DC Universe Online: Last Laugh

The fourth major update to Sony's and DC's superheroic MMO is set for release on June 19, 2012 and will feature the machinations of the Joker (who will be voiced by Mark Hamill in what may be his last released performance in the role). Joker, tired of the heroes and villains working together to counter the threat of Brainiac has stolen the access codes to all of the game's safehouses and headquarters (the Watchtower and The Hall of Doom) to get the two sides fighting each other again for his own amusement. With this game update, $9.99 to non-Legendary subscribers, these new 4v4 and 8v8 player vs player maps will now also include random appearances by DC characters on both sides and new 2-round scoring system. The roster of the Legends PvP matches, that allow you to play as the iconic characters will also expand to include heroic/villainous Kryptonians like Power Girl and Ursa as well as new Green and Yellow Lanterns like Kilowog, John Stewart and Amon Sur. Instead of a new power for this update, there is a new weapon: the shield, which is utilized in battle just like that famous shield bearing hero...The Guardian (Captain who?). After prompting, the only references that DCUO is making to the now year-old New 52 revamp are legal changes to character names, in particular Captain Marvel is now Shazam! and that New 52 versions of costumes can be found inside this game's version of Team Fortress 2 crates: Promethium lockboxes.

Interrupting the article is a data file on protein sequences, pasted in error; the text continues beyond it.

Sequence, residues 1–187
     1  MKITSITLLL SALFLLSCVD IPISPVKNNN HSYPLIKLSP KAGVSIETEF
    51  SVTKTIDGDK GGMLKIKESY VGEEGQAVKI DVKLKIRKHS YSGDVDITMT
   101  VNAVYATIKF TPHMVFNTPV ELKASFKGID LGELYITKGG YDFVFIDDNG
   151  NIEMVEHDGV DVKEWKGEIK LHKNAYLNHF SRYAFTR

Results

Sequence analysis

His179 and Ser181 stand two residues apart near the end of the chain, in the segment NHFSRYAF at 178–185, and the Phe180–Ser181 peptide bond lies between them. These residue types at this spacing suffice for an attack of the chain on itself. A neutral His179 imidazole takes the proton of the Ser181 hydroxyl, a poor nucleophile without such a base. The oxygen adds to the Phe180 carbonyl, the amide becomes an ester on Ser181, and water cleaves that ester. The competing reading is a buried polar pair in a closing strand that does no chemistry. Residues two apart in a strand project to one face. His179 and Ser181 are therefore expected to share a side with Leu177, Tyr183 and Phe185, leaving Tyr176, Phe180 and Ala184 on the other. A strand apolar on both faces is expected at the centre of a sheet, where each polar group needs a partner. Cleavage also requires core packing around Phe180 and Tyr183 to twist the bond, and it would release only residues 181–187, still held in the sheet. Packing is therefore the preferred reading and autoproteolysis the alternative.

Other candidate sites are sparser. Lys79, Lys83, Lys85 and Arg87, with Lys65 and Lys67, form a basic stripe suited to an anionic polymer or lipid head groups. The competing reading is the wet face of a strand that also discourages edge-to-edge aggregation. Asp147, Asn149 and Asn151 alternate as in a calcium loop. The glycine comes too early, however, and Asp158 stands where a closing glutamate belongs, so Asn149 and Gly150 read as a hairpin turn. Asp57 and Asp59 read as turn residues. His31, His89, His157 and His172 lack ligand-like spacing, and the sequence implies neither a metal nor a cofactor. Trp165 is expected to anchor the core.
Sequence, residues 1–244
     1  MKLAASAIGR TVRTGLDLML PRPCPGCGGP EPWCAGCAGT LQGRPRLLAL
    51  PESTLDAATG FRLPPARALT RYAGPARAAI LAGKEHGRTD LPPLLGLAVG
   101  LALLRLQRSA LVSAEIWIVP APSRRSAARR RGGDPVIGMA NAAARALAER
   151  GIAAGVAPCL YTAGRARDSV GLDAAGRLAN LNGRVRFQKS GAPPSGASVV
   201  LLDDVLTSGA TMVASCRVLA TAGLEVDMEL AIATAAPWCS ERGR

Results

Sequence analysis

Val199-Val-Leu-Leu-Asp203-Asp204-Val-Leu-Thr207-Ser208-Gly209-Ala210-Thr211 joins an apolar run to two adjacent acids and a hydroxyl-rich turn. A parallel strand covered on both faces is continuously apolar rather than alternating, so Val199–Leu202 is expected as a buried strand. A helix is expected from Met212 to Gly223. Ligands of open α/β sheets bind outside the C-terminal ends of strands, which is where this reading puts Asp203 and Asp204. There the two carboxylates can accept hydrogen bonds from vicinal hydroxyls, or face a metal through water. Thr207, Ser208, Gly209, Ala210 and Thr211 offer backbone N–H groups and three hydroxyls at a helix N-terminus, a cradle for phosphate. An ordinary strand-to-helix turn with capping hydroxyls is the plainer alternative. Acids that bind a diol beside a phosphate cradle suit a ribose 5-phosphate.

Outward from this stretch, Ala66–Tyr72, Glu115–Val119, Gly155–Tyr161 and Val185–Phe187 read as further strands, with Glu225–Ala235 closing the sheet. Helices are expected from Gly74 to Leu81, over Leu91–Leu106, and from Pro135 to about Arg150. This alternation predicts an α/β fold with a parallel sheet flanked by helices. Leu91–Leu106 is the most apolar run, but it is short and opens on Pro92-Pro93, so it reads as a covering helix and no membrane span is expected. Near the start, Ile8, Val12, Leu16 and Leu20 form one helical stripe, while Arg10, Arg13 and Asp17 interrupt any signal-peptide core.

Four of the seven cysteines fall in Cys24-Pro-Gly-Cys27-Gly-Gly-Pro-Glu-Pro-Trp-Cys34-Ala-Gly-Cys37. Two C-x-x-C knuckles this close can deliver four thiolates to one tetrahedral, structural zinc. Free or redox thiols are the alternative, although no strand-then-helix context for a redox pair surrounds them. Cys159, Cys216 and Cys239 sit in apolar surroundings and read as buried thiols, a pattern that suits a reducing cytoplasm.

Double Dragon: Neon

Fittingly set to be released in time for the franchise's 25th anniversary, Double Dragon: Neon is a loving homage to not only the seminal co-op brawler, but to the 1980s themselves. That 'totally radical' decade is celebrated in Neon's bright, big and colorful style, from the mullet sporting Lee brothers to a soundtrack of not only remixed classic Double Dragon music but original compositions that sound like they'd be right in place in the Billboard charts 25 years ago. While Neon has at its core that classic brawling gameplay, it is not a remake, but instead expands on the original games in fun and thematically appropriate ways including augmenting your base stats by creating a 'mix tape' of buffs and special attacks, saving your downed brother by 'rewinding' the cassette tape of their life and triggering a team attack, pooling and equally dividing your remaining life or boosting attack power temporally by initiating a “High Five” right in the middle of a fight. Neon will also support drop-in/out online co-op, a range of difficulty modes and is projected to be released late this summer as a downloadable title.

NintendoLand